Double glazing is the norm in most properties these days, but some homes can’t have double glazing because of local planning regulations. That’s where secondary glazing comes in.
Secondary glazing is often used for properties that are listed or in conservation areas. This is because it doesn’t have any effect on listed building regulations.
But that’s not the only reason you might consider secondary glazing. Did you know that double glazing and secondary glazing can work hand in hand?
Soundproof with secondary glazing
You may already have double glazing at your home, but if you live in a very noisy or busy area you might still notice sound coming through your windows.
This is where an adding another layer to your double glazing can be useful. Double glazing panes are usually separated by a 16mm spacer, which is below the recommended distance for an effective sound barrier.
By installing secondary glazing, you create a minimum of a 100mm air gap between your original window and the new pane. This should be good enough for effective soundproofing performance.
The science behind soundproofing
As sound waves hit your external window, they travel through the air gap and lose velocity. As they hit your second window, they are absorbed rather than travelling straight into your room.
That’s why a larger gap is more effective, as they have more distance to travel before they’re absorbed.
Increase your energy efficiency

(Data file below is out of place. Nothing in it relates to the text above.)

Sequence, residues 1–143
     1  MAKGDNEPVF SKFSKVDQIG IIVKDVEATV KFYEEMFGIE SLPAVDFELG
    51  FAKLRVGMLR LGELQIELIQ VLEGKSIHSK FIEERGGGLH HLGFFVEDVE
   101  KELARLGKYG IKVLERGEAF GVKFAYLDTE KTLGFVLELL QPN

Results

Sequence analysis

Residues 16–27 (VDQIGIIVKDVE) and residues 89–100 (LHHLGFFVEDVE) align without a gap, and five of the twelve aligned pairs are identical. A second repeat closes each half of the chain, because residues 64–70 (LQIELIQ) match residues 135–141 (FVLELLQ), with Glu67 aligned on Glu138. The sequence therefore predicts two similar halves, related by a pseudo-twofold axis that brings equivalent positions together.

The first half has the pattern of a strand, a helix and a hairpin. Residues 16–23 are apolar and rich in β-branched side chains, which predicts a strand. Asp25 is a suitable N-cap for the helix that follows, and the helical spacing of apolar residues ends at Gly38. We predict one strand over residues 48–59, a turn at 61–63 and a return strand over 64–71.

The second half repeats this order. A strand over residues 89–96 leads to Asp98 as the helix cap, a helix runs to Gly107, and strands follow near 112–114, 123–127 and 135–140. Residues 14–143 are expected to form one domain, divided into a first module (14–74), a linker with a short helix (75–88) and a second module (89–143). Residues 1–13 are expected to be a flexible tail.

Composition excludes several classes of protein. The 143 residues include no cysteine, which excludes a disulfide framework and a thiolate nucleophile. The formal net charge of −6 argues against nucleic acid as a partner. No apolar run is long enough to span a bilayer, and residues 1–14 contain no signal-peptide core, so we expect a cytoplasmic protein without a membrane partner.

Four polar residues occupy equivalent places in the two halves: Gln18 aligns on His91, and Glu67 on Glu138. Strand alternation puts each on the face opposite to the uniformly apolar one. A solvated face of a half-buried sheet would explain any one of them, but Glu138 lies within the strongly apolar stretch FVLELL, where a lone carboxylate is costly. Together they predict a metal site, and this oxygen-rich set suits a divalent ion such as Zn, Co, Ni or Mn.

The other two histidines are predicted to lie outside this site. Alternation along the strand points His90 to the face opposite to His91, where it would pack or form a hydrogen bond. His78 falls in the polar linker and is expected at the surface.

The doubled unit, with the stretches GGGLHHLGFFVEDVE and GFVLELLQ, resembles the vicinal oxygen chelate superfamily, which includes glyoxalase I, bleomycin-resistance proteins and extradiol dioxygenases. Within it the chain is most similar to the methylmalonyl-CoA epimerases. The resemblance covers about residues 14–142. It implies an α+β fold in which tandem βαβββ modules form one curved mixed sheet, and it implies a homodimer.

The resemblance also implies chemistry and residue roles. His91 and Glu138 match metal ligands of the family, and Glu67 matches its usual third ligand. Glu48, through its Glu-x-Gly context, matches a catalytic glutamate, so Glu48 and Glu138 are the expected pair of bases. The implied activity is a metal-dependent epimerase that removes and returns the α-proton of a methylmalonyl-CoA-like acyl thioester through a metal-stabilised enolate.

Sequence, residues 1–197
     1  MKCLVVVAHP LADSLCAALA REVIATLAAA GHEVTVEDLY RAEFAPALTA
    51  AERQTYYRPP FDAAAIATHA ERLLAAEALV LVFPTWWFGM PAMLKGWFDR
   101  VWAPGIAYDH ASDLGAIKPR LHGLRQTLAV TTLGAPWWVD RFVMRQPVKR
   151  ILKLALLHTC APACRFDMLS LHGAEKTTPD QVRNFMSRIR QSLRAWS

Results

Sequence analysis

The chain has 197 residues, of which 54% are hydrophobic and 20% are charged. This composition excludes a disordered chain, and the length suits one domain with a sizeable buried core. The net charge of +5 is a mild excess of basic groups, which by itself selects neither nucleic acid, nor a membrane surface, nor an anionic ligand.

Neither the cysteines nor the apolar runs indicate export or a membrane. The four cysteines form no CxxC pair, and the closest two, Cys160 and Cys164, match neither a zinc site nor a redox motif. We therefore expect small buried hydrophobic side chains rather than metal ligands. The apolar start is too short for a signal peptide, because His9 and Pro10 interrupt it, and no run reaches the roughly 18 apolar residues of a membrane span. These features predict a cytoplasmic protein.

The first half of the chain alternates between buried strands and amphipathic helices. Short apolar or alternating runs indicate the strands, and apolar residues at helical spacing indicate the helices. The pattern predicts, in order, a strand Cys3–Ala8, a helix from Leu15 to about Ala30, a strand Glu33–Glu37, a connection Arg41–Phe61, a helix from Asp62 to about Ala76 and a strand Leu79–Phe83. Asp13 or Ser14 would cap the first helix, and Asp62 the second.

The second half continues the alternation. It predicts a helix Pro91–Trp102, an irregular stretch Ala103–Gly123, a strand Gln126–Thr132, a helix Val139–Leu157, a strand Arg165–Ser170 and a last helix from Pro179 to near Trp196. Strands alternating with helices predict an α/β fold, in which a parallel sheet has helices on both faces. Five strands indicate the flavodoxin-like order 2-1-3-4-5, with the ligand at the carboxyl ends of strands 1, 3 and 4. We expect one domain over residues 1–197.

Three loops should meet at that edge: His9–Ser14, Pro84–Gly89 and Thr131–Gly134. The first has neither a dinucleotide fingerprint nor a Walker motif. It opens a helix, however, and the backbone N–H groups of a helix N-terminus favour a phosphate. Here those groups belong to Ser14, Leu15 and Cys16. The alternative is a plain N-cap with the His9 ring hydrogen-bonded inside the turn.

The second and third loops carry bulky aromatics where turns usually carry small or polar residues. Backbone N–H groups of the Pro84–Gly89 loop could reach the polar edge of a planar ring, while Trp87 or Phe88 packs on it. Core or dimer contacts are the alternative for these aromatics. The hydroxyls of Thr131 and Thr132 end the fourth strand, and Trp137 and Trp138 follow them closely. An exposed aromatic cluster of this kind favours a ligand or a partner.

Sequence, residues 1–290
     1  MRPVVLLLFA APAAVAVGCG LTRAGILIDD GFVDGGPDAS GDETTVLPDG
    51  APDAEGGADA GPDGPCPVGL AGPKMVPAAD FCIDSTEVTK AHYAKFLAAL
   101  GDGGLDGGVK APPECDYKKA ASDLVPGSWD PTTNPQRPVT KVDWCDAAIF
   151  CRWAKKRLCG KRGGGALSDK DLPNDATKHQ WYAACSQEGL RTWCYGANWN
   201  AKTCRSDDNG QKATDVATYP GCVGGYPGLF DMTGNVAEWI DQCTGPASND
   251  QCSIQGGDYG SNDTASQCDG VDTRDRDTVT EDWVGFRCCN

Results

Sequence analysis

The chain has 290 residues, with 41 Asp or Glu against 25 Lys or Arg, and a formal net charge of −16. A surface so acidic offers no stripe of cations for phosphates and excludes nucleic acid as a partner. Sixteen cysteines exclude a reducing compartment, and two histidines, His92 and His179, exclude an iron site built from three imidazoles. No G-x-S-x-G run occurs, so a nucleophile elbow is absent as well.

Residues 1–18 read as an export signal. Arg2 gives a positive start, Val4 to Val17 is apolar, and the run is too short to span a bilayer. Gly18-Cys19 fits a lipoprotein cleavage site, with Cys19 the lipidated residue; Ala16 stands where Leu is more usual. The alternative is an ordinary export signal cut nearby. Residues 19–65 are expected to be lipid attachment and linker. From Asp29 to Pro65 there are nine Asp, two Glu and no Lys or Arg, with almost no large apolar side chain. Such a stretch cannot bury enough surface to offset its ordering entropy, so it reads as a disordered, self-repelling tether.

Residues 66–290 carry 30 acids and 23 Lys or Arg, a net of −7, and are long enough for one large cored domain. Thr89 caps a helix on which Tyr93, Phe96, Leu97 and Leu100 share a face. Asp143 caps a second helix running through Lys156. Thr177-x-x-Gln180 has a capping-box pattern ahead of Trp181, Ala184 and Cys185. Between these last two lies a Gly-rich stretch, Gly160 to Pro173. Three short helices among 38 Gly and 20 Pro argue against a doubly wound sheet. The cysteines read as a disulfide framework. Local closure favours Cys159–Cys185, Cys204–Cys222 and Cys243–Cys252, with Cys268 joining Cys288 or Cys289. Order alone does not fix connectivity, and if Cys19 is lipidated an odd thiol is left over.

If you live in a listed building or a conservation area, you may be restricted in what window choices you can make. In some cases, this might mean you can’t have standard double glazing and also result in you spending a lot on heating.
Tailor-made double glazing can be very expensive, so if you want to benefit from the thermal properties of double glazing you could consider secondary glazing instead. It costs three times less than double glazing, but you’ll still have a warmer home.
If you already have double glazing but your frames are getting old, you might find you start to feel draughts.
If your windows are out of guarantee and you don’t want to replace your windows just yet, you could consider secondary glazing to help with the draughts as well as providing you with better acoustic performance.
Overall, double glazing and secondary glazing both have their places in people’s homes today. Double glazing is great for preventing draughts in most homes, but can be improved with secondary glazing.
Adding a second pane of glass is a fantastic option for homes restricted by listed building or conservation area regulations but still want to benefit from warmer living conditions.
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